* A bipartisan immigration reform bill made its way through the Senate Judiciary Committee and will head to the Senate floor. Of course, the amendments in support of gay marriage didn’t make it in, but that may be moot soon anyway. [CNN]

* IRS official Lois Lerner may not be very “good at math,” but at least she seems to know the basic principles of constitutional law. She’ll invoke her Fifth Amendment rights before the House Oversight Committee today. [Politico]

* The D.C. Circuit ruled that the top secret Osama bin Laden death photos will remain top secret, but the internet’s desperate cries of “pics or it didn’t happen” will live on in our hearts. [Thomson Reuters News & Insight]

* Attention naysayers: it may be time to face the music. According to the latest Altman Weil survey, most law firm leaders think all of these fun recession-driven changes are here to stay. [Am Law Daily]

* Twenty-two law firms are banding together to fight against fraudulent financial products on a worldwide scale. It’s too bad this legal alliance didn’t exist before the Bernie Madoff scandal. [New York Times]

* It looks like New Jersey may soon be hopping aboard the “pro bono work before bar admission” train. You better hope you get your clinic placements in order, people. [New Jersey Law Journal (sub. req.)]

* The results for the February 2013 bar exam in California are out, and they’re frightening. It’s time to try that acting thing again, because only 41 percent of all test takers passed the exam. [The Recorder]

* Jodi Arias is now begging jurors to allow her to live out the rest of her days in prison. She wants to contribute to society by painting, recycling, and… not slashing additional throats. Lovely. [Fox News]

A fireable offense in the UK?

* Our thoughts and prayers go out to the people of Oklahoma. [CNN]

* The IRS and the Treasury Department better watch out, because it seems that the “next logical step” for the tea party victims of heightened scrutiny leads right up the courthouse stairs. [ABC News]

* #Whatshouldwecallme after advising on the $1.1 billion Yahoo/Tumblr deal? Kind of a big deal. The Biglaw firms doing the underlying legal work are Simpson Thatcher and Gunderson Dettmer. [Am Law Daily]

* The Mirena MDL judge thinks female attorneys should be on the all-male executive committee. If this is “strategic gender placement,” the strategy is to look bad publicly. [Thomson Reuters News & Insight]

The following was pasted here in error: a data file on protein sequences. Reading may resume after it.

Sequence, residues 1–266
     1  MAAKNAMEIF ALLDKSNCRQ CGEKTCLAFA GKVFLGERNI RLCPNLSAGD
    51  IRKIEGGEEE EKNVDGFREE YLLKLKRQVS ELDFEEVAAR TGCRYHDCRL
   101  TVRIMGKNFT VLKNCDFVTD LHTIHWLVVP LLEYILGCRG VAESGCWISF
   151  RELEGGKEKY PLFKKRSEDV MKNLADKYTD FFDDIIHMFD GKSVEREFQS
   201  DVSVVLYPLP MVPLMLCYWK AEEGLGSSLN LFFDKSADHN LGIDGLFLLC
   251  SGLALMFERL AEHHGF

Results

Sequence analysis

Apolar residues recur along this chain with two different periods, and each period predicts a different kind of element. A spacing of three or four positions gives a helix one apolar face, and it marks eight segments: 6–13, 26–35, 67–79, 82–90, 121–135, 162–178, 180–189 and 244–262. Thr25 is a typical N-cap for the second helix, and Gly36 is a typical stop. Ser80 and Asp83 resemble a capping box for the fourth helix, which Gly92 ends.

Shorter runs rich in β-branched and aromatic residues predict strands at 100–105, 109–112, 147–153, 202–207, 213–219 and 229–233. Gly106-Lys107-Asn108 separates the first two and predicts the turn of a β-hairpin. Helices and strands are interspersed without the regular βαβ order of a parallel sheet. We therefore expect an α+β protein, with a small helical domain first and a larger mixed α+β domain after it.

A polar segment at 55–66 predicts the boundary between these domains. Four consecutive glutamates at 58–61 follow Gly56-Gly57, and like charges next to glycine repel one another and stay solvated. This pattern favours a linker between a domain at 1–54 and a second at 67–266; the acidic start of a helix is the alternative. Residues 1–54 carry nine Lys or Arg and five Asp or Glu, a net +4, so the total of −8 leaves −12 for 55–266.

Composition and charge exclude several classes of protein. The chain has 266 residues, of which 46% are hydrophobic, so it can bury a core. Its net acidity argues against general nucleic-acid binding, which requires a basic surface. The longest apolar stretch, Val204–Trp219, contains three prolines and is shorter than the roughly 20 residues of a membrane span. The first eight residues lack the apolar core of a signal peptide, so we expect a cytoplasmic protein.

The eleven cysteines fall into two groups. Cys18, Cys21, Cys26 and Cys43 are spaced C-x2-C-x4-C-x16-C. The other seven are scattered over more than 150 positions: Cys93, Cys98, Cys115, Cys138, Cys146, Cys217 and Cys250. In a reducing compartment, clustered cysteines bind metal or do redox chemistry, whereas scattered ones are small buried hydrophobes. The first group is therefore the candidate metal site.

* The Travers Smith trainee who was fired for getting pregnant is due in court this June to find out what type of compensation she’ll receive for being discriminated against by the firm. You go girl! [Daily Mail]

* Wherein the parents of a 0L who’s got doubts about her employment prospects are counseled that she can “work not just in law.” ::facepalm:: [Law Admissions Lowdown / U.S. News & World Report]

* There’s trouble in paradise: lawyers in the Jodi Arias case unsuccessfully attempted to get a mistrial and withdraw from representation — for the second time — during its punishment phase. [Fox News]

Ted Ullyot

* Given the name and origins of the Tea Party movement, it actually makes perfect sense that their groups got grief from the IRS. [Washington Post]

* Wachtell Lipton weighs in against the practice of shareholder activists offering special compensation to director nominees. [Dealbook / New York Times]

* A law professor, Joshua Silverstein, argues that schools should embrace grade inflation. (But haven’t most of them done this already?) [WSJ Law Blog]

* Facebook shareholders might not “like” this news, but Ted Ullyot plans to step down as general counsel after about five years. We’ll have more on this later. [Corporate Counsel]

* The Brooklyn DA’s office is reopening 50 murder cases that were worked on by retired detective Louis Scarcella (who looks oh-so-savory in the NYT’s photo of him). [New York Times]

* In news that should shock no one, Nicholas Speath’s dubious discrimination case against Georgetown Law has been dismissed. [The BLT: The Blog of Legal Times]

* Not long after leaving Cravath for Kirkland, Sarkis Jebejian is putting together billion-dollar deals for private-equity clients. [Am Law Daily]

* Professor Jeffrey Rosen reviews an interesting new book, The Federalist Society (affiliate link), authored by Michael Avery and Danielle McLaughlin. [New York Times]

Page 8 of 251...456789101112...25